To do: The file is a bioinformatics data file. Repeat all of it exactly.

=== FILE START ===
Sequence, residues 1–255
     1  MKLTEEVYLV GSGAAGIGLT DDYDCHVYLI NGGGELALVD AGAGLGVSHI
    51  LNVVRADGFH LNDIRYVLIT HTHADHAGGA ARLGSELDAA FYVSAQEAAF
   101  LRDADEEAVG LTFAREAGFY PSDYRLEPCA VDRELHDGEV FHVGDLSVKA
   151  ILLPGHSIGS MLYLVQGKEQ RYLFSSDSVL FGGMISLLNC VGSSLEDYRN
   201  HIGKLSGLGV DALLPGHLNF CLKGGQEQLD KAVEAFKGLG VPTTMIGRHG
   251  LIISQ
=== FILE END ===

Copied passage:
Sequence, residues 1–255
     1  MKLTEEVYLV GSGAAGIGLT DDYDCHVYLI NGGGELALVD AGAGLGVSHI
    51  LNVVRADGFH LNDIRYVLIT HTHADHAGGA ARLGSELDAA FYVSAQEAAF
   101  LRDADEEAVG LTFAREAGFY PSDYRLEPCA VDRELHDGEV FHVGDLSVKA
   151  ILLPGHSIGS MLYLVQGKEQ RYLFSSDSVL FGGMISLLNC VGSSLEDYRN
   201  HIGKLSGLGV DALLPGHLNF CLKGGQEQLD KAVEAFKGLG VPTTMIGRHG
   251  LIISQ